I never thought about how Daylight Savings would be different in another country. It makes sense, sure, but I never thought about it. It's weird that for this week only I am only 4 hours away from Ohio, 5 from Illinois. Our time zones are practically buzzing they're getting so close. Being in the future from a past you've always known is a shaky-ground place.
Does Flava Flav care about time zones?
I've been reading a lot, which is good. Not enough to feel like I'm making a difference on the void-in-my brain-representing-all-that-I-don't-know-about-modern-art-history, but the act of reading itself is a nice thing to remember how to do. I have begun a French artist-writer-collector-printer-publisher timeline in post-its on my wall above my desk, hoping to find some kind of sense in these overlapping lives. I've been thinking about waves and movements and wondering if feminist political theory can/does apply to the eternal debate about modernism and postmodernism in art history. That the idea of a wave rising up and sucking everything that came before back into it seems really nice for postmodernism. I like waves, too, because they correspond with life cycles.
This timeline on my wall reminds me to think about when these 19th and 20th century artists actually started thinking about the world in an adult fashion (probably around age 18-20), and that the contemporaneous context was probably really important to a sense of identity and development. You surface into the world slowly from the depths and the things that make the most sense are the ones nearest your gaze. So, Manet born in 1832 'matures' at 20 in 1852 (opens his studio in Paris in 1856). Then artists and writers like Redon (b.1840) and Mallarmé (b.1842), when they 'mature' at 20 in 1860 and 1862 cannot help but be influenced by Manet's place in the world (e.g. Olympia, above, is 1863). It's an oversimplification, I realize, but one to work with.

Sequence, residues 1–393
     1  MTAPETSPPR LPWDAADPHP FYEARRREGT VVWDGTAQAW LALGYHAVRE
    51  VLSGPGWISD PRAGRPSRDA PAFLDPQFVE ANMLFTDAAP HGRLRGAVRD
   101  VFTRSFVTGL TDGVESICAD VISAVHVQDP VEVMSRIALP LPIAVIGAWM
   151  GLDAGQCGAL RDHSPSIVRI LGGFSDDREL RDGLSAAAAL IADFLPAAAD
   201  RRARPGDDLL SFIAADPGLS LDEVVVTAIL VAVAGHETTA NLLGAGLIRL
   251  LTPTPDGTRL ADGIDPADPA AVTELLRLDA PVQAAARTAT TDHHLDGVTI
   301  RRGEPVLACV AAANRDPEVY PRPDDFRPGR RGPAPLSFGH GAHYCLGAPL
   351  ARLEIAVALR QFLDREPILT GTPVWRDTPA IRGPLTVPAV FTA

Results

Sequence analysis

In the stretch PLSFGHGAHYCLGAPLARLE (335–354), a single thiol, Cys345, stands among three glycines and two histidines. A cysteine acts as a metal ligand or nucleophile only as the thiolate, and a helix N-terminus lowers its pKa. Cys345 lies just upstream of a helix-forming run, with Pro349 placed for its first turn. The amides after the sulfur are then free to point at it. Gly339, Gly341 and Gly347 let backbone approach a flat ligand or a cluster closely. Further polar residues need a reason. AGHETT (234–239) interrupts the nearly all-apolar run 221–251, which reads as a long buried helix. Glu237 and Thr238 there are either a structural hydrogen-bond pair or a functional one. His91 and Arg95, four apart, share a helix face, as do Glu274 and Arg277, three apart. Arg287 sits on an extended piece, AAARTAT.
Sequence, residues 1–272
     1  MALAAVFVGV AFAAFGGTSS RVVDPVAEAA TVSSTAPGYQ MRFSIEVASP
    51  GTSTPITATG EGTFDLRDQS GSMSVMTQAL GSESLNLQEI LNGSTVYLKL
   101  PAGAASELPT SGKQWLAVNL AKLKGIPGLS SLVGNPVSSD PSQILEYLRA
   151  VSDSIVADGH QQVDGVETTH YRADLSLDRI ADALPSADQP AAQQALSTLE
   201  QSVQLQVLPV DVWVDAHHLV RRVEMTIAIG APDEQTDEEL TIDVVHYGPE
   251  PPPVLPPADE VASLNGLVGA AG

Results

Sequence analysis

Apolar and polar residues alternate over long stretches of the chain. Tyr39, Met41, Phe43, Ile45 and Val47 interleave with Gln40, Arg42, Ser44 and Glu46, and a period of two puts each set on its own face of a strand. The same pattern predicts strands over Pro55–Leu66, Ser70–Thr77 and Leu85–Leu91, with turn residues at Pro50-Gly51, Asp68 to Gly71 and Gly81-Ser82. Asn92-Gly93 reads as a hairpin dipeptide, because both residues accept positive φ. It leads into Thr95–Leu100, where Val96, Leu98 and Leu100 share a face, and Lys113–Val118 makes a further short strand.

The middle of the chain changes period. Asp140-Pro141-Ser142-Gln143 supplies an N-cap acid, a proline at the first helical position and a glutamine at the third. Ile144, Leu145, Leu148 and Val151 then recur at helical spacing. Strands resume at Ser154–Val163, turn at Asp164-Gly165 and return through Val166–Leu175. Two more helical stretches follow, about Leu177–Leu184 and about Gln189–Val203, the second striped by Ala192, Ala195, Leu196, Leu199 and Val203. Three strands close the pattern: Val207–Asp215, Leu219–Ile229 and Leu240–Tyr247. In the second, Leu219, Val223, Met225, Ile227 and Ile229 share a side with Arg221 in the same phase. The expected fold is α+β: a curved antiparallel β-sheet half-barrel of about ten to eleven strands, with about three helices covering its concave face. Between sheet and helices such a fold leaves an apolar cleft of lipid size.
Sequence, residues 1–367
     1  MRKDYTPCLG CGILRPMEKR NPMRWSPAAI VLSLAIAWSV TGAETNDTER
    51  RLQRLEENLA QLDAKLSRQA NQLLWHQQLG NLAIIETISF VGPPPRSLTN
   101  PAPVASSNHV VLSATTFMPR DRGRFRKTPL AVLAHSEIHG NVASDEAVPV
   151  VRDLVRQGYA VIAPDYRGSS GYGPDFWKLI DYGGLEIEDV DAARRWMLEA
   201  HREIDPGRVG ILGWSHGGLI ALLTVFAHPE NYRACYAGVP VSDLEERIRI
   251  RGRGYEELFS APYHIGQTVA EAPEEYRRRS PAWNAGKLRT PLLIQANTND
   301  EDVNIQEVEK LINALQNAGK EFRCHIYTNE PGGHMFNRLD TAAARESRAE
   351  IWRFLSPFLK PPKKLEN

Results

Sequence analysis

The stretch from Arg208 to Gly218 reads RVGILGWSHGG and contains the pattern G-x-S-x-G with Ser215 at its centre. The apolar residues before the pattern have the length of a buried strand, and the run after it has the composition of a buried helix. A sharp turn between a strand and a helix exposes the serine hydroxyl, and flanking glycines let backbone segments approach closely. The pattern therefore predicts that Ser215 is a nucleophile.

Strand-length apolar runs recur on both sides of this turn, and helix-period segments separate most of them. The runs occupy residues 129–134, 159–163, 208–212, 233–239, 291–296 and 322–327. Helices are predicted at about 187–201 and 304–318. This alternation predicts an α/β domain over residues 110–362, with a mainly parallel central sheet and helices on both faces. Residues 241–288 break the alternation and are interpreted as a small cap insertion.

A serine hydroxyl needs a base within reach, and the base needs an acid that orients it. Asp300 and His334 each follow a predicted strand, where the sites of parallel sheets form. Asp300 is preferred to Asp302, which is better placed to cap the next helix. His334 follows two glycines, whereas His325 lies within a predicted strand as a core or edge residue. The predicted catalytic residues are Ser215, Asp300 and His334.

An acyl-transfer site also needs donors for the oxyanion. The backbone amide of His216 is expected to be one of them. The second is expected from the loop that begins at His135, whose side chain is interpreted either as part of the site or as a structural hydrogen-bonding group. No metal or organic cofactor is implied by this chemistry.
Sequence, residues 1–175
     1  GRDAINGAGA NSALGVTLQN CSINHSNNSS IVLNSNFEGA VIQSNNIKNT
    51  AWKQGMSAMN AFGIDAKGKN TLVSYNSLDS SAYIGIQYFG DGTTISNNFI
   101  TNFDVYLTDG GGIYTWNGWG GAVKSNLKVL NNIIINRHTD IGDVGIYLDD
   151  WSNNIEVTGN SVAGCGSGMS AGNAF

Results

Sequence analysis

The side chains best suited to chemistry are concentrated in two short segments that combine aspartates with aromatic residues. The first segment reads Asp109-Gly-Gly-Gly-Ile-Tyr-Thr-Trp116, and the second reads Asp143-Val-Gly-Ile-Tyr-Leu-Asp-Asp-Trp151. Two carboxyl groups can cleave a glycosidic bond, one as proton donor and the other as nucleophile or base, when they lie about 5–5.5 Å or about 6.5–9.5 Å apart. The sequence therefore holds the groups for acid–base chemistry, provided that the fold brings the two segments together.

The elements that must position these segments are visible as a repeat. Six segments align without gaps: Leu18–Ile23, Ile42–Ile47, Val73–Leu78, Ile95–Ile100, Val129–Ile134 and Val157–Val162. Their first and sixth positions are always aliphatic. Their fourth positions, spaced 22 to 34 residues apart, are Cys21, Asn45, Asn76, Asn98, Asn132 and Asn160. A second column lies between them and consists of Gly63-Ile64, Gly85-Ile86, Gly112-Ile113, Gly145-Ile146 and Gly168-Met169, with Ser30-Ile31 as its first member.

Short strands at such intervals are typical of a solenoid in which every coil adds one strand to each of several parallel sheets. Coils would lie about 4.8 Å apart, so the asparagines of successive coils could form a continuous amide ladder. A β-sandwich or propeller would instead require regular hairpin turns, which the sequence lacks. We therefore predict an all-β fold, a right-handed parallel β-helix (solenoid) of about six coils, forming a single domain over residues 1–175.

The other Richter component I'm still thinking about is his visual relationship with Marcel Duchamp. I thought the textual justification in the exhibition was a little wishy-washy, but I like the idea, and there's definitely a conversation between this:
L: Gerhard Richter, Ema (Akt auf einer Treppe) [Ema (Nude on a Staircase)], 1966, 200 cm x 130 cm, Oil on canvas
R: Marcel Duchamp, Nude Descending a Staircase, 1912
This 1965 Descending Richter that the Art Institute has shows the fractal play of light and movement a little better, though, I think. But, still, Richter seems to care more about the figure (e.g. reclaiming the nude body and the portrait for painting) than he does about the movement and perception of objects in space.
Thinking about Cubism a lot lately, too and the very formulaic way it was applied by artists other than Picasso/Braque/Gris in the early 20th century. It seems like most major artists had to make at least one 'Cubist' painting (e.g. this 1914 Reservist of the First Division painting/ collage by Malevich seems very weird for him). Duchamp painted Nude Descending a Staircase in 1912 and then moved on to everything else except painting. What was behind this need to mimic Cubism? Why was it used in such a formulaic way by so many artists, when the intention was anything but formulaic? Is it photography (e.g. the question What images do we make now that photography exists?) or is it collage (e.g. the three-dimensional expansion coupled with the act of reading) that solves the problem of the grounding for Cubism, gives us the framework behind when a 'Cubist' painting works or does not work?